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Heart Rhythm. 2008 May;5(5):663-9. doi: 10.1016/j.hrthm.2008.02.009. Epub 2008 Feb 9.

Twelve-lead electrocardiographic characteristics of the aortic cusp region guided by intracardiac echocardiography and electroanatomic mapping.

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Cardiovascular Division, Section of Electrophysiology, Hospital of the University of Pennsylvania, Philadelphia, Pennsylvania 19104, USA.



The most common site of origin of idiopathic ventricular tachycardia (VT) is the right ventricular outflow tract. Idiopathic VT also can arise from the left ventricular outflow tract and the surrounding structures. Morphologic descriptions of 12-lead ECG characteristics of the aortic cusp region are limited.


The purpose of this study was to define unique ECG characteristics of the aortic cusp region by performing a systematic analysis of pacemapping of this region in patients with structurally normal hearts.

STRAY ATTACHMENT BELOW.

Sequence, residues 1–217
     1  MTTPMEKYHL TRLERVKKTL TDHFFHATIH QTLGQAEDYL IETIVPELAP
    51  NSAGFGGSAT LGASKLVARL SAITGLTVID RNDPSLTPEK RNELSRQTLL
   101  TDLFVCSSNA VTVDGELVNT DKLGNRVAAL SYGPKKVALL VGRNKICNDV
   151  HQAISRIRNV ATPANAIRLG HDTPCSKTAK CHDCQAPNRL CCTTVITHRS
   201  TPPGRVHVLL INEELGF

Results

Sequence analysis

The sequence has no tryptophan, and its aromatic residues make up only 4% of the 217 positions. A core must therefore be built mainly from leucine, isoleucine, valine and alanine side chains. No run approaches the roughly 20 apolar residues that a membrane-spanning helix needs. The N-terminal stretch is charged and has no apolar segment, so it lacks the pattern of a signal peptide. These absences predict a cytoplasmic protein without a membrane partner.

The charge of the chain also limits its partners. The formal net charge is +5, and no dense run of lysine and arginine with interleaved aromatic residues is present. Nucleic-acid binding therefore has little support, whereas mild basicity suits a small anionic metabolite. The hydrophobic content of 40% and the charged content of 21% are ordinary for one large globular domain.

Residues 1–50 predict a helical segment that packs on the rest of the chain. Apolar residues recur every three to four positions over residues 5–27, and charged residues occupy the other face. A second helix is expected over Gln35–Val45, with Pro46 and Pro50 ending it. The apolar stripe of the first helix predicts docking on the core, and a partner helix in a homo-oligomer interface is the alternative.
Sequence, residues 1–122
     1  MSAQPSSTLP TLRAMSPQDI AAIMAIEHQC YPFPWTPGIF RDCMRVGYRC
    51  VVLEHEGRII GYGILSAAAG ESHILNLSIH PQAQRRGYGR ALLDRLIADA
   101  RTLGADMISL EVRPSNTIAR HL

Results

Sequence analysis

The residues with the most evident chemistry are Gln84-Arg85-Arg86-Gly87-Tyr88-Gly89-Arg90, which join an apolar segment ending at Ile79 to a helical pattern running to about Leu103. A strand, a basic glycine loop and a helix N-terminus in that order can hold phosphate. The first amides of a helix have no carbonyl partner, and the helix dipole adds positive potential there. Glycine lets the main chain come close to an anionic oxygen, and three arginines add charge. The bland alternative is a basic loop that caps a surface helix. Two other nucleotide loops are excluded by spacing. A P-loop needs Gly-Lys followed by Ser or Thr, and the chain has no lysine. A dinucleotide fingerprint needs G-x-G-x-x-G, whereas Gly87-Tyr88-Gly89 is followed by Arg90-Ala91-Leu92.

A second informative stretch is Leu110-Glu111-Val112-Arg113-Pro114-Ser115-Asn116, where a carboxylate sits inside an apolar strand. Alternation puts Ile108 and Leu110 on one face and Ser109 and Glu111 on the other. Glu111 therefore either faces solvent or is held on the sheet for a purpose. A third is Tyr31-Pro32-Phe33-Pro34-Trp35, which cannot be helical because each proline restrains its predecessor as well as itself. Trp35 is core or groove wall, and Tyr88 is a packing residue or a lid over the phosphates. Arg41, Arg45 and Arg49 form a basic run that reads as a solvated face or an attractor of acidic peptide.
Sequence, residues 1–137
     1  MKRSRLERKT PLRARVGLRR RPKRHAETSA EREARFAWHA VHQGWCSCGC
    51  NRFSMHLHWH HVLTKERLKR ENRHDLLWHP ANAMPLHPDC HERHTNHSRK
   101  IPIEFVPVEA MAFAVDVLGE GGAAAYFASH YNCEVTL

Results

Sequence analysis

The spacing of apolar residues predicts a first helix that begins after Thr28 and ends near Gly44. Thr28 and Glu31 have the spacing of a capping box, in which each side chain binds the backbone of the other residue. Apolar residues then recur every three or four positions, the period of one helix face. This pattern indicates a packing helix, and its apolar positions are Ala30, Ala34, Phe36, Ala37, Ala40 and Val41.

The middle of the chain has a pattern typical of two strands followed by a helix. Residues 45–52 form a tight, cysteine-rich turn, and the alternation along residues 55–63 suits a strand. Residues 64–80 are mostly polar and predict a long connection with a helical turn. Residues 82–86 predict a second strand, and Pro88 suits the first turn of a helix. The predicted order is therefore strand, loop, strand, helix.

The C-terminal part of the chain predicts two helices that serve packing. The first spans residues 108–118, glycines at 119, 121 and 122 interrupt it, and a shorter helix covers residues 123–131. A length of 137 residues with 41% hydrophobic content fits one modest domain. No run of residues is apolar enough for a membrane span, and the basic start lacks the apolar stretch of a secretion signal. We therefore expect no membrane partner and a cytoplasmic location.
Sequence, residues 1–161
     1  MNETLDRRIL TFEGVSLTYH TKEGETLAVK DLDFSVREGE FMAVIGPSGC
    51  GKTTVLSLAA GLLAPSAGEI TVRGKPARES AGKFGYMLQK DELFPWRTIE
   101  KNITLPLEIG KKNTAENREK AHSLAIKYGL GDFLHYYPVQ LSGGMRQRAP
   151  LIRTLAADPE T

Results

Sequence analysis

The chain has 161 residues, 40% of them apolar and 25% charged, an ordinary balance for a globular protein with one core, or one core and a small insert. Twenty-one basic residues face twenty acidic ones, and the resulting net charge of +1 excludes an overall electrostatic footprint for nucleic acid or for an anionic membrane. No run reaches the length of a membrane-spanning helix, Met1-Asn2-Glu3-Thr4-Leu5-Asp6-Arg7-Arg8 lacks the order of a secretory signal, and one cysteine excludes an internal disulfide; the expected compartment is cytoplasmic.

A combination of electroanatomic mapping, intracardiac echocardiography, and fluoroscopic guidance was used to study a total of 30 patients with structurally normal hearts undergoing left-sided ablation procedures. Each of the aortic valve cusps and the aortomitral continuity were paced at threshold and analyzed offline to determine unique ECG characteristics.


Pacing from the left coronary cusp typically produced a multiphasic QRS morphology consistent with an M or W pattern in lead V(1) with a precordial transition (R>S) no later than V(2). Pacing from the right coronary cusp typically resulted in a left bundle-type pattern with a broad small R wave in V(2) and a precordial transition generally at V(3). Pacing from the aortomitral continuity resulted in a qR pattern that was not observed anywhere else in the left ventricular outflow tract. When comparing the right coronary cusp and left coronary cusp, the precordial transition was earlier in the left coronary cusp than in the right coronary cusp. Pacing the noncoronary cusp uniformly resulted in atrial capture.


When considering ablation of idiopathic VT, the aortic cusps and aortomitral continuity must be considered as possible foci. The 12-lead ECG, a readily and easily obtainable source of information, has useful characteristics for differentiating VTs arising from the cusp region.

[Indexed for MEDLINE]

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